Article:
Science, Technology, and Society Studies Certificate Program



The Certificate in STSS was developed over a number of years by participants in the Science Studies Network at UW; a vibrant community of faculty and graduate students who share interests in history and philosophy of science, social and cultural studies of science, and equity, ethics and policy issues in the sciences. Check the SSNet website for news about STS speakers, conferences, working groups and much else, on the UW campus and in the region.

The STSS Interdisciplinary Group was recognized by the UW Graduate School in March 2012, and the Certificate was approved by the Graduate School and the Board of Regents in May 2014. Its official launch was Fall 2015; check STSS "Announcements" for news and updates.

STSS Certificate Goals

The STSS Certificate is designed to serve graduate students in the humanities/social sciences and in STEM programs (science, technology, engineering, mathematics) in complementary ways. If you are a student in the humanities and social sciences, our goal is to provide access to interdisciplinary STSS research that will help you situate your disciplinary interests in science and technology in a broader interdisciplinary context. If you are a STEM student, the Certificate offers an opportunity to systematically explore questions about research ethics and science policy, and the history, social context, and philosophy of the research traditions in which you work.

For students in both constituencies, the STSS certificate will make visible the interdisciplinary training many of you are already seeking out informally. The benefits of this include:

  • For social science and humanities students: access to the growing number of faculty positions that require interdisciplinary STSS expertise;
  • For STEM students: demonstration of research ethics training and expertise relevant not only for prospective STEM practitioners who must address normative issues pro-actively, but also for STEM graduates who seek positions as science and technology policy analysts, managers, and advisors;
  • For all students: given the enormous and growing importance of science and technology in the contemporary world, STSS training provides key resources for addressing the challenges posed by scientific and technological innovation, cultivating informed citizenship.

The central learning goals of the certificate are:

  • To develop a critical, historically informed understanding of the STEM fields in social context;
  • To build robust content knowledge of relevant STSS research beyond one's disciplinary program and an appreciation of what different disciplinary research methodologies can contribute to studies of science and technology;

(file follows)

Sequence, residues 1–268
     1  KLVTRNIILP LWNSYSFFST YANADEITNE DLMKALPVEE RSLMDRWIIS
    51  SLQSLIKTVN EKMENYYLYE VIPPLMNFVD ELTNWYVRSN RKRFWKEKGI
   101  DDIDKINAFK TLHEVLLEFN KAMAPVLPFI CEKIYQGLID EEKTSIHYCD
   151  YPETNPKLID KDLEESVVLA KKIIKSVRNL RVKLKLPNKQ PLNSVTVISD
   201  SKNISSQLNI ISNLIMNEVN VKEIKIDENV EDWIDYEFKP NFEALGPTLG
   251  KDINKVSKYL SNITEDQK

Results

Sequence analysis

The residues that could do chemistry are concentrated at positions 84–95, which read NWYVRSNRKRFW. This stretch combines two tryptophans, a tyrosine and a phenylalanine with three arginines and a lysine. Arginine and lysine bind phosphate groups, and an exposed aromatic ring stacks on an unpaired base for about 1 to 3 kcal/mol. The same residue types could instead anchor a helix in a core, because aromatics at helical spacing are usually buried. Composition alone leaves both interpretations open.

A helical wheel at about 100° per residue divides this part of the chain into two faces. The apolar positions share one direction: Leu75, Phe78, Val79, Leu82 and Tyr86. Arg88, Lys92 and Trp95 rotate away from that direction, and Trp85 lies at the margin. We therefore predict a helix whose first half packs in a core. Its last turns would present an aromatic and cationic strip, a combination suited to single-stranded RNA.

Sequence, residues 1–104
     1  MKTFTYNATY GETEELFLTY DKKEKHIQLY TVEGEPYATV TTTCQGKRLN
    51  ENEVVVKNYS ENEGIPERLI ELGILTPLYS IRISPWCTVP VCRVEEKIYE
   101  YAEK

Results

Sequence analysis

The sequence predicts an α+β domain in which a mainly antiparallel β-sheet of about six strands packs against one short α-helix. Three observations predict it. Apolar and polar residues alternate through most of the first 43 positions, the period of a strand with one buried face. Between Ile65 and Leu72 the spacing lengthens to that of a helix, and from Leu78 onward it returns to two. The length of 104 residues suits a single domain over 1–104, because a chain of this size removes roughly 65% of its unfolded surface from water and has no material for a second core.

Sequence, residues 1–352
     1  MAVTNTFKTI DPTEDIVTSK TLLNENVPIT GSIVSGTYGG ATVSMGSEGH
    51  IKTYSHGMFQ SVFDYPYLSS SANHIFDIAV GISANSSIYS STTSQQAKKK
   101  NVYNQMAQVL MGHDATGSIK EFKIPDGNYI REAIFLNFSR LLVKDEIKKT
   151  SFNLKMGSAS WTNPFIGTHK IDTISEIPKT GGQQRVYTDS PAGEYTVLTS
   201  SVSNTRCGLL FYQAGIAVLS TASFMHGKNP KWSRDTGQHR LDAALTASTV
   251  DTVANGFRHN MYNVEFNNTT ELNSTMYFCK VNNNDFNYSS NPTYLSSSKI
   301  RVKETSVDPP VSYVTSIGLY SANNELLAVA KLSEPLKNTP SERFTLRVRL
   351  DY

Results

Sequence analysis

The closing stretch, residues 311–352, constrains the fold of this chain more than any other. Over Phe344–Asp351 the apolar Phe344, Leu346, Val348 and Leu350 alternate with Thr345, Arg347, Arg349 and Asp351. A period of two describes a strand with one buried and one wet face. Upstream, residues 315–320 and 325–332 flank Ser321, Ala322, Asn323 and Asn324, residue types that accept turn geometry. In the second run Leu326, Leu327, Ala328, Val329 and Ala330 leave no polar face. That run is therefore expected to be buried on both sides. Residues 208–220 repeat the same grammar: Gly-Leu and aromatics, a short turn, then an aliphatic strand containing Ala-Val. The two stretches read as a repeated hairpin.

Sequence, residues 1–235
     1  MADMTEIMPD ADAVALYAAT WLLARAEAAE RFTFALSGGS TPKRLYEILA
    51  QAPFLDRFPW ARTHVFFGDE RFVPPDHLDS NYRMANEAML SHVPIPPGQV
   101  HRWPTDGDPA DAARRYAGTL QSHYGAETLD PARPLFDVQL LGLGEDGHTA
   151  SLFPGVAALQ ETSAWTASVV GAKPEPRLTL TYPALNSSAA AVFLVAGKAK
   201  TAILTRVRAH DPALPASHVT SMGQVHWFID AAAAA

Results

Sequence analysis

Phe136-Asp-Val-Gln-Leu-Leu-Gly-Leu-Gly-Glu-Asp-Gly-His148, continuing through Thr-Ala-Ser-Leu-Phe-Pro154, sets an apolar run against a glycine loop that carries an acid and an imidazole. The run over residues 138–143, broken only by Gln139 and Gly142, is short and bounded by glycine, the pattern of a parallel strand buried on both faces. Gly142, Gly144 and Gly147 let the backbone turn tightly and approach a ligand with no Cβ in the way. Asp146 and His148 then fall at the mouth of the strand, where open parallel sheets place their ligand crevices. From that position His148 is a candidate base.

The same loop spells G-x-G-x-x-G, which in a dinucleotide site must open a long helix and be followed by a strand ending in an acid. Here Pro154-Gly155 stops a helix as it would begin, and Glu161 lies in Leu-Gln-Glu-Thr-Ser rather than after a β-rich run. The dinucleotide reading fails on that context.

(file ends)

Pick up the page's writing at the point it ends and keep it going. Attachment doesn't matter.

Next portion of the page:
• To integrate STSS concepts and methods with the core ideas of one's home discipline;
  • To cultivate a sophisticated understanding of research ethics, policy, and equity issues in the sciences and sharpen the critical reasoning skills necessary to navigate normative issues as they arise in practice;
  • To develop the ability to successfully navigate a world where problems will increasingly demand a detailed knowledge of the interaction of science, technology and society.


STSS Governance

The STSS Interdisciplinary Group is responsible for the Certificate as a whole. The Director and a three member Steering Committee, elected by the Interdisciplinary Group, oversee the operation of the Certificate. A somewhat larger group, known as the STSS Network, includes the Interdisciplinary Group as well as faculty who contribute to the introductory course, 'STSS In Action,' and advise the students admitted to the Certificate. For more information, see: STSS Interdisciplinary Group Governance (PDF).

Steering Committee: Leah Ceccarelli (Director), David Ribes, Matthew Weinstein
Interdisciplinary Group :
   Sareeta Amrute (Anthropology, UW-Seattle)
   Leah Ceccarelli (Communication, UW-Seattle)
   Sarah Elwood (Geography, UW-Seattle)
   Stephanie (Malia) Fullerton (Bioethics and Humanities, UW-Seattle)
   Angela Ginorio (Gender, Women & Sexuality Studies, UW-Seattle)
   Jenna Grant (Anthropology, UW-Seattle)
   Celia Lowe (Anthropology, UW-Seattle)
   Margaret Pugh O'Mara (History, UW-Seattle)
   David Ribes (Human Centered Design & Engineering, UW-Seattle)
   Daniela Rosner (Human Centered Design & Engineering, UW-Seattle)
   Phillip Thurtle (CHID and History, UW-Seattle)
   Adam Warren (History, UW-Seattle)
   Matthew Weinstein (Education, UW-Tacoma)
   Andrea Woody (Philosophy, UW-Seattle)